One afternoon, I was having quiet time at a coffee shop close to work, and could not help but overhear the conversation taking place between two women beside me.
“My husband has a short fuse. It’s like he has a perennial black cloud hovering about him, and the children and I feel like we always have to tiptoe around him because he lashes out at the slightest provocation,” the harried young woman told her friend.
“Pagpasensyahan mo na, maybe he’s just tired from work,” her friend replied. “Tired? Even on a Sunday?! He’s like a snapping turtle. Masungit all the time! To me, the kids and the house help…”
It was a familiar story I had heard countless times. Anger that seethes and boils over like a volcano—affecting not just men but women as well.
Studies have shown that anger management issues often find their roots in childhood experiences. If your role models, meaning your parents, expressed anger by shouting, hitting, throwing things or hurling expletives, this is probably the way you think anger needs to be expressed.
Anger management expert Aaron Karmin writes, “If your knee-jerk response in many situations is anger, it is very likely that your temper is covering up your true feelings and needs. This is especially likely if you grew up in a family where expressing feelings was strongly discouraged. As an adult, you may have a hard time acknowledging feelings other than anger.”
In a CNN article on Internet trolls, psychology professor John Suler described the motivation for these online bullying tactics—“They want to inject their own emotional turmoil into other people by luring them into negativity. It’s a way for them to feel some kind of control or power over their own disruptive emotions, at other people’s expense.”
Many of them, Suler says, have issues with depression, low self-esteem and anger. So much like the man or woman with serious anger management issues.
Karmin says there are three points to look out for to determine whether there is a deeper issue or emotion that lies beneath the mask of anger. First, if you have a hard time compromising, then most likely, as a child, you grew up in a home where the anger was uncontrollable, where the parent expressing the anger always got his or her way through threat and punishment. Compromising may bring you back to that time and space where the dominant emotions were fear and vulnerability.
Second, if you have trouble expressing other emotions outside of anger, more often than not you are uncomfortable with feelings of fear or guilt. Thus, you always want to be in control all the time, and in doing so, refuse to yield to other emotions. Anger therefore will always be your shield or your preferred “drug” to mask or numb the pain that lies within.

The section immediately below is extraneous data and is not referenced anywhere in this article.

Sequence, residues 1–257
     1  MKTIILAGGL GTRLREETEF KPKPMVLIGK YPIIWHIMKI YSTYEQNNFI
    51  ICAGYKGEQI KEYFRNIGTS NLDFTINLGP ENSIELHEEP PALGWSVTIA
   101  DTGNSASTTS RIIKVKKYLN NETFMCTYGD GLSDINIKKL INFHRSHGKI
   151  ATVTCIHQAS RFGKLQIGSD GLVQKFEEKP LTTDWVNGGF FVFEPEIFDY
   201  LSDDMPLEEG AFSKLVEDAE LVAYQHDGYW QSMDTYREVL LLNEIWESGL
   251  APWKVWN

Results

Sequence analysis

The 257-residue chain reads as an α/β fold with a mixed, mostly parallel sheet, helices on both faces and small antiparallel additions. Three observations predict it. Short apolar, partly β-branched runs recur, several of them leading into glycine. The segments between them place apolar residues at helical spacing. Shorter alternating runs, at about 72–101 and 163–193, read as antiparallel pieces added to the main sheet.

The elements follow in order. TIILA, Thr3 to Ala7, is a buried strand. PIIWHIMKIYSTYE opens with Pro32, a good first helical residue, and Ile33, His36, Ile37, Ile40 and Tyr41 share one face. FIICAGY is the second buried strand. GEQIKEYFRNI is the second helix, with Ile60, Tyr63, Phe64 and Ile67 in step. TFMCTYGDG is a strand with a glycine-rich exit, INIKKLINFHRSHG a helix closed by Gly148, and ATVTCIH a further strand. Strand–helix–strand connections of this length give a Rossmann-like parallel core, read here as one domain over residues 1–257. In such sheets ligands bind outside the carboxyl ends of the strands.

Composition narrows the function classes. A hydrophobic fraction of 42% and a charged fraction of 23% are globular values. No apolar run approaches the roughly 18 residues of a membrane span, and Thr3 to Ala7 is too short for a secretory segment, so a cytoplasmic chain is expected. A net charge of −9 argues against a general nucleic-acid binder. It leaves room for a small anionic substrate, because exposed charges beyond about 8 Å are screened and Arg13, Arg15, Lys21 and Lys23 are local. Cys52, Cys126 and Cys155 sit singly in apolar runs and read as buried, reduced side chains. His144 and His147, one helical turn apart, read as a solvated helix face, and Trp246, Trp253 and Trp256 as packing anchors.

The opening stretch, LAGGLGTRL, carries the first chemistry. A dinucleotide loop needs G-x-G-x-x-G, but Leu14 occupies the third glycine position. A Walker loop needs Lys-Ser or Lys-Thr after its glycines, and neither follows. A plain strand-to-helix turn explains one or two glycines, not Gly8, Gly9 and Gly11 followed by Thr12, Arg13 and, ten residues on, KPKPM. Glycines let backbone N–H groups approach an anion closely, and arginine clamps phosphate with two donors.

Third, Karmin says, when you view different opinions and viewpoints as a personal challenge to you and you always view your way as the only right way rather than trying to see through a different lens, there is clearly an underlying issue beneath the anger and seeming bullheadedness or incorrigibility.
The American Psychological Association (APA) suggests three main approaches to dealing with anger—expressing, suppressing and calming.
Expressing angry feelings in an assertive—not aggressive—manner is the healthiest way to express anger. There is no need to slam doors, or verbally abuse colleagues, members of your household staff, or worse, family members.
However, to do this, the APA says you have to learn how to make clear what your needs are, and how to get them met, without hurting others. Being assertive after all doesn’t mean being pushy or demanding; it means being respectful of yourself and others.
And if you find yourself on the receiving end of the abuse, it is important for you to take yourself out of the situation even momentarily, so that you can calm yourself and clear your mind so as not to react negatively.
Converted or redirected
Suppressed anger needs to be converted or redirected. This takes place when you hold in your anger, stop thinking about it, and focus on something positive. The danger in this type of response is that if it isn’t allowed outward expression, your anger can turn inward—on yourself. Anger turned inward may cause hypertension, high blood pressure or depression.
The APA says that unexpressed anger can create other problems, such as passive-aggressive behavior (getting back at people indirectly, without telling them why, rather than confronting them head-on) or a personality that seems perpetually cynical and hostile, like the husband at the beginning of my story.
“People who are constantly putting others down, criticizing everything and making cynical comments haven’t learned how to constructively express their anger. Not surprisingly, they aren’t likely to have many successful relationships.”
I often tell my children and my students that when someone is being very hurtful and obnoxious, there is often an underlying reason. The meaner a person is, the deeper the hurt within. I like to keep that mind-set so that instead of getting upset at the angry person, I try to be compassionate, and when that doesn’t work, rather than respond, I choose to walk away and return when the other person has calmed down.
Lastly, to the APA’s suggested third approach, self-calming techniques can be applied when you have learned to become aware of the anger that is rising within. It takes a lot of practice, and a higher level of self-awareness is required, but it can be done.
The issues, situations and people that may cause frustration and anger cannot be totally eliminated, but you always have the choice on how to respond. They say that “Holding on to anger is like grasping a hot coal with the intent of throwing it at someone else; you are the one who gets burned.”
It’s simple and yet profound—control your anger before it controls and destroys you.
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